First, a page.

2. It reduces the reluctance of the magnetic circuit by extending its cross-section

To avoid eddy current loss the pole cores are made of thin, shielded sheet steel laminate. The field coils are connected in series to form alternating north poles and south poles in rotation as the current passes through them.

  • Commutator: Commutators are mechanical rectifiers that transform the alternating magnetic field generated by the armature winding through the load terminals into a direct voltage. A commutator is composed of wedge-shaped, copper segments that are separated from each other and from the shaft by a layer of mica. Each segment of a commutator is attached to one of the ends of an armature coil.
  • DC Generator Commutator Function: The primary function of the commutator is to transform direct current (DC) into alternating current (AC). It acts as a switch that reverses the current flow and its role in the generator is further explained below.

Inside the generator’s armature coil, the electromagnetic field switches back and forth, causing an alternating current to flow through the coil. This current can be switched back using the commutator whenever the coil passes through a magnetic field without any influence. Consequently, the load receives a DC or unidirectional current.

The commutator guarantees that the current from the generator flows consistently in the same direction without interruption. As it moves along the commutator, the brushes establish strong electrical connections between the generator and the load.

  • Shaft:  The bracket serves as a critical element in a DC motor as it generates torque, leading to the rotation it facilitates. Made from mild steel, it boasts the most significant breaking strength among its materials. Within a DC generator, the bracket plays a crucial role in enhancing the generator’s capacity to convert mechanical energy into electrical energy. It connects with the commutator, the cooling fan, the armature center, and various rotating parts.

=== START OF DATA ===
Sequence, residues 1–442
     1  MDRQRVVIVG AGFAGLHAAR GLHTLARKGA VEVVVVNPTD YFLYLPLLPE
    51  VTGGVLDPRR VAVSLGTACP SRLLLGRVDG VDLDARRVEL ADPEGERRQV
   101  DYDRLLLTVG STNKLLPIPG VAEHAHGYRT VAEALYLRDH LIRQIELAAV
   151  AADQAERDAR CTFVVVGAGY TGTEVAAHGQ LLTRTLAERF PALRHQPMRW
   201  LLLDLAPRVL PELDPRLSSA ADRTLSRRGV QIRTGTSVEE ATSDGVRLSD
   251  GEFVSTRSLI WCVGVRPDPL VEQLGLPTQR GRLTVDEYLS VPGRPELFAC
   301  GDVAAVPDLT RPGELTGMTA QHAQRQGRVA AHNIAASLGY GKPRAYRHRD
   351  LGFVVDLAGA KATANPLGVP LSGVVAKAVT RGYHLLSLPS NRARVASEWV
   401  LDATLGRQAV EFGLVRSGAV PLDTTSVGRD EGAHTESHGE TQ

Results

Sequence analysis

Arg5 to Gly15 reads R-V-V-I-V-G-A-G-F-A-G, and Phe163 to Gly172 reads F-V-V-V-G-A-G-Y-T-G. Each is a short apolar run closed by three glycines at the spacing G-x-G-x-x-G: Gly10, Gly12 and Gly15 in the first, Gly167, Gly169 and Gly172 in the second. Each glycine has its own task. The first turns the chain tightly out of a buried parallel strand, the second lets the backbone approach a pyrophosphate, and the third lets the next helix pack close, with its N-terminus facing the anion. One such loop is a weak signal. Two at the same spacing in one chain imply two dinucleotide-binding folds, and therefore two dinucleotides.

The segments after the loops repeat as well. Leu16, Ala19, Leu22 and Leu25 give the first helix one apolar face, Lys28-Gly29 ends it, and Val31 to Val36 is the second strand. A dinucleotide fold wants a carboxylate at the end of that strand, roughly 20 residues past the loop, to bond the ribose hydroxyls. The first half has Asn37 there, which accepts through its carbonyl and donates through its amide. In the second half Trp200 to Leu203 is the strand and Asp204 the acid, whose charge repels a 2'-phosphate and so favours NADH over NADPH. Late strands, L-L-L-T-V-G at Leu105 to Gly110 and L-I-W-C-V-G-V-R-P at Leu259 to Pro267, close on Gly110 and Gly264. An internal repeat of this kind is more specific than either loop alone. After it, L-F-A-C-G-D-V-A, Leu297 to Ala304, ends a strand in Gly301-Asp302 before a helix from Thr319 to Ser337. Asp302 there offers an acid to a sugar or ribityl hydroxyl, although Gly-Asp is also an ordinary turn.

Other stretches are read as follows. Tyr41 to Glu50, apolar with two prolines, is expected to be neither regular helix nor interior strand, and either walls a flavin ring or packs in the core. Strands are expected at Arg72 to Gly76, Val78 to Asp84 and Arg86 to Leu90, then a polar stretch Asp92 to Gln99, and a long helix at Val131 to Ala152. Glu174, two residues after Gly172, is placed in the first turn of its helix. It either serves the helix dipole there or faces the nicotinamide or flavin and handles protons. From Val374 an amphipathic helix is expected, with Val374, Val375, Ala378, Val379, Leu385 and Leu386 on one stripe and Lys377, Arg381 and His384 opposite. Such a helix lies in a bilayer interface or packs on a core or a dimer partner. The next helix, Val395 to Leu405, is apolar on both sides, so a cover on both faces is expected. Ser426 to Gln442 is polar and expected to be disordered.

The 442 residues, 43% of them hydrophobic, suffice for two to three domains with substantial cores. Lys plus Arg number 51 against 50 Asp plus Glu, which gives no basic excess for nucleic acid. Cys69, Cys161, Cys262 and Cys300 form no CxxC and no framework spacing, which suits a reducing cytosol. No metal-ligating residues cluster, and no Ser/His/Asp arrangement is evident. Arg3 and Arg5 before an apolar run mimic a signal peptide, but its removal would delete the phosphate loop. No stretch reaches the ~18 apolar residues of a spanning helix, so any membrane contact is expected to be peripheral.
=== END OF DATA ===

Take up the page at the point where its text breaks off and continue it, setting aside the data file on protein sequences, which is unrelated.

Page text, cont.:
• Bearings: In a DC machine, bearings are the moving parts in a system. They are used to reduce the friction between the spinning and stationary elements of the machine. By reducing the friction, the components of the system are greased less often and last longer.  Types of bearings are – Roller bearings and Ball bearings
  • Poles: The poles also help to keep the field winding in good condition. Field windings are usually coiled on the poles and connected in a specific sequence to the armature windings. Because of this, the posts hold the welding process in place using screws on the yoke.
  • Pole Shoes: It is a disc made of iron or steel that distributes magnetic energy and stops magnetic coils from collapsing.

Also Read – Balanced Force: Definition, Example and Characteristics

E.M.F Equation of DC generator

The emf equation of the DC generator is given by the equation:

Eg = (Φ * P * Z * N) / (60 * A)


  • Eg – EMF generated by the DC generator (Volts)
  • Φ – Magnetic flux per pole (Webers)
  • P – Number of poles in the generator
  • Z – Total number of armature conductors
  • A – Number of parallel paths in the armature winding
  • N – Speed of the armature in revolutions per minute (rpm)
  • N/60 is the number of turns per second
  • The time for one turn will be dt=60/N sec.

Working Principle of DC Generator

The direct current (DC) generator operates on the well-established principle of electromagnetic induction. This principle dictates that a voltage, or electromotive force (EMF), is induced in a conductor whenever there’s relative motion between the conductor and a magnetic field. Here’s a breakdown of the core working principle:

A direct current (DC) generator has two main parts:

  1. Stationary Magnetic Field System: This creates a constant magnetic field within the generator.
  2. Rotating Conductor System (Rotor): This houses a set of wires called armature windings. As the rotor spins, these wires move through the magnetic field.

Generating Electricity:

  • The movement between the wires and the magnetic field induces a voltage (EMF) in the wires, following Faraday’s Law. Stronger magnetic fields and faster rotation speed lead to higher voltage.
  • This induced voltage creates a potential difference across the ends of the wires.
  • Connecting the wires to an external circuit allows current to flow.

Maintaining Direct Current:

  • Unlike AC generators, DC generators use a commutator and brushes.
  • The commutator is a rotating component with segmented contacts that reverses the direction of the induced voltage at the right moments.